"Hafnia-based resistive memories technology has come to maturation and acceded to the market of nonvolatile memories. Nevertheless, the physical mechanisms involved in resistive switching are not yet fully understood and the numerous ab initio simulations studies have few many atomic-scale experimental counterparts. In this study we investigate the oxygen migration mechanism from an amorphous HfO2 layer to the Ti cap layer at a local scale before and after a thermal treatment. X-ray absorption spectroscopy at the Ti K edge and Hf LIII edge has been performed on samples as-deposited and annealed in Ar at 400∘C to mimic the back-end-of-line thermal budget (BEOL) of CMOS technology. The short-range Ti and Hf environments have been determined, showing that annealing promotes the migration of O from HfO2 to Ti, the amount of which is quantified. This provokes an expansion and an increase of atomic disorder in the Ti lattice. The nature of the oxygen gettering mechanism by the Ti metal is understood by comparing samples with increasing Ti-capping thickness. We show that the Ti getter effect has to be activated by thermal treatment and that the O diffusion takes place in a region of a few nanometers close to the Ti/HfO2 interface. Therefore, the thermal budget history and the Ti cap-layer thickness determine the oxygen vacancy content in the HfO2 layer, which in turn controls the electrical properties, especially the forming operation.."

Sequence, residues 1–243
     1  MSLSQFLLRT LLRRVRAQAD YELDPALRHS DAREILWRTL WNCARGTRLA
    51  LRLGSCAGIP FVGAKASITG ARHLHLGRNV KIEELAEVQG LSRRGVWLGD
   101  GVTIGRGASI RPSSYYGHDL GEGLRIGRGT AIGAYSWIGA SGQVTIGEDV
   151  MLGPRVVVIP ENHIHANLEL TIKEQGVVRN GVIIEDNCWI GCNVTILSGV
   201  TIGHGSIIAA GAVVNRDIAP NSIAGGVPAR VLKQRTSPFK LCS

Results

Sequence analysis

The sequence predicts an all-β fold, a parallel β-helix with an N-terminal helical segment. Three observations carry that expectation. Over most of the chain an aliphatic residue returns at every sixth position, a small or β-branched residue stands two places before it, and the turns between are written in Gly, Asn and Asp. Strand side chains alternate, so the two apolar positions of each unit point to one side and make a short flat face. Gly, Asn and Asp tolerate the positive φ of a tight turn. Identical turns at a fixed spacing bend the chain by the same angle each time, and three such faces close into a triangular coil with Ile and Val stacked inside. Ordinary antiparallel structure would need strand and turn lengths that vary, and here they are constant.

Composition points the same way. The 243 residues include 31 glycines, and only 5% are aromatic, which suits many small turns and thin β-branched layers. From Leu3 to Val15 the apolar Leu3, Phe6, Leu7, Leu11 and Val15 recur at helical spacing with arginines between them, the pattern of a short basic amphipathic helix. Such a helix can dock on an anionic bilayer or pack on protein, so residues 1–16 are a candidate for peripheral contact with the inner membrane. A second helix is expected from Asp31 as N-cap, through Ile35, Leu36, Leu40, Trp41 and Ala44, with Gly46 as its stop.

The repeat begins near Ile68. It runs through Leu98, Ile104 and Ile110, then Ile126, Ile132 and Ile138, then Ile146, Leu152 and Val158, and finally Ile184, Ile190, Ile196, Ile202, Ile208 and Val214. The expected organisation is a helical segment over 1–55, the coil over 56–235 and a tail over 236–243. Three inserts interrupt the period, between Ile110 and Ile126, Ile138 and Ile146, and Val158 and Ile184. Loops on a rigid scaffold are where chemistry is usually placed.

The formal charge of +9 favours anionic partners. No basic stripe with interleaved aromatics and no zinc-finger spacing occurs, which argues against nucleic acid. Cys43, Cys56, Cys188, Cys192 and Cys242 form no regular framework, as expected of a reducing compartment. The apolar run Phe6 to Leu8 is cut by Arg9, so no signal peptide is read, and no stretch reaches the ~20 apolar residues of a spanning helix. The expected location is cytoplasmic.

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Written by Maria Carmen Jimenez Arevalo
Date of update May 11, 2018
Research Nanomaterials and advanced heterostructures (NanoMAT)